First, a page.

Likening the country to a table resting on three legs - the government, civil society and business - venture capitalist Ronny Douek explains why it wobbles when one is not in place. It's an interesting metaphor for someone whose actual table, in the conference room of his ultra-modern architectural wonder of an office building in Beit Yehoshua (donated by Bobby Goldberg and family from Cleveland, Ohio) is made of glass and looks as though it could comfortably seat 20. Considering the aim of his organization, Sheatufim, the Israel Center for Civil Society - to serve as an umbrella and facilitator for trilateral cooperation - a proper space for meetings would appear to be par for the course.
It's a course that the 50-year-old businessman embarked upon two decades ago, almost by accident, though he says that throughout his life, he has "felt a sense of obligation to the community at large."
Indeed, the Haifa-born philanthropist, who grew up in Ramat Hasharon (after a stint in Africa, where his parents were emissaries), served as a combat soldier in Sayeret Shaked and an officer in the paratroopers, was focused on volunteerism and charity as early as high school. In fact, it was then that he attempted to form his first umbrella group for volunteers. And it was then that he was confronted with a side of the seemingly straightforward endeavor he says he hadn't banked on: the complexities of cooperation, administration and organization, without which such an operation cannot run properly. It is this and other subsequent experiences that led to his founding of Zionism 2000 - under whose auspices many different joint projects are undertaken, he says, with maximum efficiency.
And Douek's projects are as bountiful as they are varied, ranging from the war on drugs to development-town advancement and - most recently - to developing the Negev, through the creation of an eco-friendly desert lodge, to be designed by South African architect Bruce Stafford, in cooperation with the Bezalel School of Architecture.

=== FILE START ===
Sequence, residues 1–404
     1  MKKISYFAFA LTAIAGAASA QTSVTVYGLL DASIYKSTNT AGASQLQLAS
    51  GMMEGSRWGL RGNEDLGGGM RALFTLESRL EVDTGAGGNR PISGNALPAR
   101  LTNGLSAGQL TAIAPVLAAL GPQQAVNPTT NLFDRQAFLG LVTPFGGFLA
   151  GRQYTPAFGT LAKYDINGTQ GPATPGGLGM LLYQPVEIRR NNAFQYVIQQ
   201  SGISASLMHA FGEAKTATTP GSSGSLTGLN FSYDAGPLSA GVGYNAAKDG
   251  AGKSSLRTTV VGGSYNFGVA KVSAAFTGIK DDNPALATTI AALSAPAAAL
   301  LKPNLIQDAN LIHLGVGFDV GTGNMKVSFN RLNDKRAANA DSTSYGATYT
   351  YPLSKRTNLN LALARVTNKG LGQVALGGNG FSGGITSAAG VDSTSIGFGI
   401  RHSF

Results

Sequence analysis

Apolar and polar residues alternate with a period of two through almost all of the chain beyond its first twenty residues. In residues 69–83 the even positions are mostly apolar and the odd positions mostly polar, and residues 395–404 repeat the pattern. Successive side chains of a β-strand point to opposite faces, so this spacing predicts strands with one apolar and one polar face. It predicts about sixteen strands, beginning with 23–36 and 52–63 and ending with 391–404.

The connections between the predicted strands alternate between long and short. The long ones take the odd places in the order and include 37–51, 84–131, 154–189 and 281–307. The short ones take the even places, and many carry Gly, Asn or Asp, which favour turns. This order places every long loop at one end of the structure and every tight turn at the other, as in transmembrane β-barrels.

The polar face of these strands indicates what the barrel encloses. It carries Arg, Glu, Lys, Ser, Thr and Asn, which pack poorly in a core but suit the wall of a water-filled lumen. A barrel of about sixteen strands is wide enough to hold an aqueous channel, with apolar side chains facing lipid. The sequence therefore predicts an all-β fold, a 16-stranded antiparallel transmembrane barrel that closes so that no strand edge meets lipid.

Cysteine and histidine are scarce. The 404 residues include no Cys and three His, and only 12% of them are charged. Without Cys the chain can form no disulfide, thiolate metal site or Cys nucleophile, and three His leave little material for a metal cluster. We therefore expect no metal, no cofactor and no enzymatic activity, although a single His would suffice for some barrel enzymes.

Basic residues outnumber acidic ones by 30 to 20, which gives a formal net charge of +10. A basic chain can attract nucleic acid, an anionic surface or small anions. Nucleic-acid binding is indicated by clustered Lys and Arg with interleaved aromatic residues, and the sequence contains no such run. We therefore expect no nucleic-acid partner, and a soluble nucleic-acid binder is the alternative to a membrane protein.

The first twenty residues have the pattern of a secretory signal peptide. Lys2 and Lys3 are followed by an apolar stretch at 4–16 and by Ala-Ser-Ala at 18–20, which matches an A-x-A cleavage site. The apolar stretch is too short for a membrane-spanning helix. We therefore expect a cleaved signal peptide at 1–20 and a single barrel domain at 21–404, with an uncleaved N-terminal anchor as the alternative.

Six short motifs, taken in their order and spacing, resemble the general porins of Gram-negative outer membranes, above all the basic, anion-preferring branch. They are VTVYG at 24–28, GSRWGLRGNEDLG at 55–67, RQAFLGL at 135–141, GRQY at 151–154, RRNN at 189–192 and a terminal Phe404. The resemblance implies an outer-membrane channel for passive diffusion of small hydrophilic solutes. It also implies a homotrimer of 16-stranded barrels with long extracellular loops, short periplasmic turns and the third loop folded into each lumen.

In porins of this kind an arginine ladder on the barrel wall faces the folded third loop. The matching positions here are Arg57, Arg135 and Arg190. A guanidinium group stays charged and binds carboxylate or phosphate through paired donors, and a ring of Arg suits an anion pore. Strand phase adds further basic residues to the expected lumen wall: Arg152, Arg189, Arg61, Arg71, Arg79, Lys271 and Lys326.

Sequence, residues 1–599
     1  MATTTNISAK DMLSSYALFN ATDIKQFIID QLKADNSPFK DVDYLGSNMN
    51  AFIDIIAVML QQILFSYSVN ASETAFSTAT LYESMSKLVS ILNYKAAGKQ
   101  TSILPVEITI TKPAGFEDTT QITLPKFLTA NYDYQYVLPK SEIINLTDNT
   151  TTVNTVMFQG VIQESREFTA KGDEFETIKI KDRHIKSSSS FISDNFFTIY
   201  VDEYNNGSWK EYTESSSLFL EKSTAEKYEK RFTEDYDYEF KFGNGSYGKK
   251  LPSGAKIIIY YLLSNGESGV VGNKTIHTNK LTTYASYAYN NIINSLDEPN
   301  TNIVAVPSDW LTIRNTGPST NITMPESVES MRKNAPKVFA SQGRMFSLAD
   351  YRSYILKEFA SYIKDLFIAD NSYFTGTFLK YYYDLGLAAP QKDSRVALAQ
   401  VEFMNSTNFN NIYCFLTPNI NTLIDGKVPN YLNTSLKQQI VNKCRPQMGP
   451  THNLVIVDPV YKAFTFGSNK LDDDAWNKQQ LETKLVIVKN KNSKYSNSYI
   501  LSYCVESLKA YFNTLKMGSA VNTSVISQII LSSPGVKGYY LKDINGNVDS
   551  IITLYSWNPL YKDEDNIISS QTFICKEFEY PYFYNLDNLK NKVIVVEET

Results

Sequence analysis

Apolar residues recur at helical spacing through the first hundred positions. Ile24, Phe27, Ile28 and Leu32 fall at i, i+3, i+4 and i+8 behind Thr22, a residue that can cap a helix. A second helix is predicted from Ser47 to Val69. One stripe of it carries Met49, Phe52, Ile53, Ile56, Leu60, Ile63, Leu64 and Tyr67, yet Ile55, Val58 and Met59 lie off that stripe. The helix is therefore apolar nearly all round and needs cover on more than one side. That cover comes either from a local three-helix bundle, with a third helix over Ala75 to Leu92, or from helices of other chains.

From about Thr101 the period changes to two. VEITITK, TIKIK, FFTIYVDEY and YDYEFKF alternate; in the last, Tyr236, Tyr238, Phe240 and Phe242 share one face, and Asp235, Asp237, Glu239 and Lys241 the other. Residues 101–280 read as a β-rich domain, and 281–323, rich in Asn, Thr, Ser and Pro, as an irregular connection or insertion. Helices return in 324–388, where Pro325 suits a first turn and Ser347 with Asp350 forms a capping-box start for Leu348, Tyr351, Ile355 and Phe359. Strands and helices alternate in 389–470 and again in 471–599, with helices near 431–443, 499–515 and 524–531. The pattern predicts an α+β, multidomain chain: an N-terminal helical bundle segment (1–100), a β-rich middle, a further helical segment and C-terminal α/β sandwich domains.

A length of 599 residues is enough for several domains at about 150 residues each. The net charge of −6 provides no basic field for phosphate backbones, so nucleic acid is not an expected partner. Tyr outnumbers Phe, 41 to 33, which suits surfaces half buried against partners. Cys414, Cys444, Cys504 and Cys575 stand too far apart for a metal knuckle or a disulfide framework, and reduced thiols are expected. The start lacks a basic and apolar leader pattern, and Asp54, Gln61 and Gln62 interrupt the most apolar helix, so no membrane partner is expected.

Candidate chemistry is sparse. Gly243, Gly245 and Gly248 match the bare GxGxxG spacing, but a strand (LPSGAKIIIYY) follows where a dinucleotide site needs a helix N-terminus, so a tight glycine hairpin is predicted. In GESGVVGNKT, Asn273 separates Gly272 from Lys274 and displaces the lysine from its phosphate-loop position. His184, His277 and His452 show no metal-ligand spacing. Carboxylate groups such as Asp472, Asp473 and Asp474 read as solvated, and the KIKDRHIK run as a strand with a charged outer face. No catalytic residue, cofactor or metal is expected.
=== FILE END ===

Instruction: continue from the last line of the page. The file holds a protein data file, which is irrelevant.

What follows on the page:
Contrary to common perception, asserts Douek, he is not the only homegrown success story who makes it his business to contribute time and money to causes he champions. "But, whereas it used to be that people in the local third sector gave sporadically, today there is more consciousness about the need to influence policy to bring about social change."
What made you, a successful venture capitalist, turn your sights to social change through philanthropy?
This comes from the education I received at home. I was raised in an atmosphere of volunteerism and giving. And I was very active in the youth movement Mahanot Olim. When I was 17, I tried to create an organization for volunteers in my high school - to give kids the opportunity to work in different areas, for example with senior citizens or children at risk, or in the Civil Guard. I actually managed to enlist about 200 volunteers. But the organization lasted only three months. Though it was a good idea, I had no administrative experience or support. So, on the one hand, I saw the great potential of such an operation, because so many people wanted to contribute, and on the other, I hadn't realized the importance of the logistical side.
How did this kind of social consciousness on your part end up translating into business ambitions?
I'm an ambitious person, regardless of the field. The point is that you set yourself a goal and go after achieving it. But when I really began, as an adult, to get involved in social activism was in the 1980s - during a period when I lived in London. There I read an article in Yediot Aharonot
by Shlomo Abramovich about the abominable living conditions of immigrants from Ethiopia and the Caucasus placed in caravans. Soon after that, I came on a visit to Israel, and contacted Abramovich, who took me to visit the site he wrote about. It dawned on me that here we were, at the end of the 1980s, making the same mistake we made in the 1950s, when we put immigrants from North Africa into the ma'abarot